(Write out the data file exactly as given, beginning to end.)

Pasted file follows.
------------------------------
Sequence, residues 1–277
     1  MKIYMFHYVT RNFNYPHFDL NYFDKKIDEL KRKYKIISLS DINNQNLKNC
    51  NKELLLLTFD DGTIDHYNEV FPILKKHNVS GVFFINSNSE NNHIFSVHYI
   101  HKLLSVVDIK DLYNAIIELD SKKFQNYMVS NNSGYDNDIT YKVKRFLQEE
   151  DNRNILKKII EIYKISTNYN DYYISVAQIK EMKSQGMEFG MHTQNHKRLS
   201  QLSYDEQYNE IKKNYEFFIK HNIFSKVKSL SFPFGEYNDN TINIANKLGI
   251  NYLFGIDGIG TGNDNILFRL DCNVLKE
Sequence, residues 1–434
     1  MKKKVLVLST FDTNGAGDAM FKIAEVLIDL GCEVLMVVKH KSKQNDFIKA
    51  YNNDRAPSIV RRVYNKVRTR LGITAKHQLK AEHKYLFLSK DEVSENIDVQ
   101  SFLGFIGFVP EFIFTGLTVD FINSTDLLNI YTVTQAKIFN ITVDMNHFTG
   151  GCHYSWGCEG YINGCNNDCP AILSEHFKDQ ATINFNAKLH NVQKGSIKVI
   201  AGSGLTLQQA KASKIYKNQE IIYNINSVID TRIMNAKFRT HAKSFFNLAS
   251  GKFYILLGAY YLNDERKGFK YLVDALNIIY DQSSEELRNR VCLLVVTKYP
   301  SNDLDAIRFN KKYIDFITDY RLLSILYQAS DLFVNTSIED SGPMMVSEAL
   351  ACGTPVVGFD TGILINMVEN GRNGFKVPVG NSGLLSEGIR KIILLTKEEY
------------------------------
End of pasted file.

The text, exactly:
Sequence, residues 1–277
     1  MKIYMFHYVT RNFNYPHFDL NYFDKKIDEL KRKYKIISLS DINNQNLKNC
    51  NKELLLLTFD DGTIDHYNEV FPILKKHNVS GVFFINSNSE NNHIFSVHYI
   101  HKLLSVVDIK DLYNAIIELD SKKFQNYMVS NNSGYDNDIT YKVKRFLQEE
   151  DNRNILKKII EIYKISTNYN DYYISVAQIK EMKSQGMEFG MHTQNHKRLS
   201  QLSYDEQYNE IKKNYEFFIK HNIFSKVKSL SFPFGEYNDN TINIANKLGI
   251  NYLFGIDGIG TGNDNILFRL DCNVLKE
Sequence, residues 1–434
     1  MKKKVLVLST FDTNGAGDAM FKIAEVLIDL GCEVLMVVKH KSKQNDFIKA
    51  YNNDRAPSIV RRVYNKVRTR LGITAKHQLK AEHKYLFLSK DEVSENIDVQ
   101  SFLGFIGFVP EFIFTGLTVD FINSTDLLNI YTVTQAKIFN ITVDMNHFTG
   151  GCHYSWGCEG YINGCNNDCP AILSEHFKDQ ATINFNAKLH NVQKGSIKVI
   201  AGSGLTLQQA KASKIYKNQE IIYNINSVID TRIMNAKFRT HAKSFFNLAS
   251  GKFYILLGAY YLNDERKGFK YLVDALNIIY DQSSEELRNR VCLLVVTKYP
   301  SNDLDAIRFN KKYIDFITDY RLLSILYQAS DLFVNTSIED SGPMMVSEAL
   351  ACGTPVVGFD TGILINMVEN GRNGFKVPVG NSGLLSEGIR KIILLTKEEY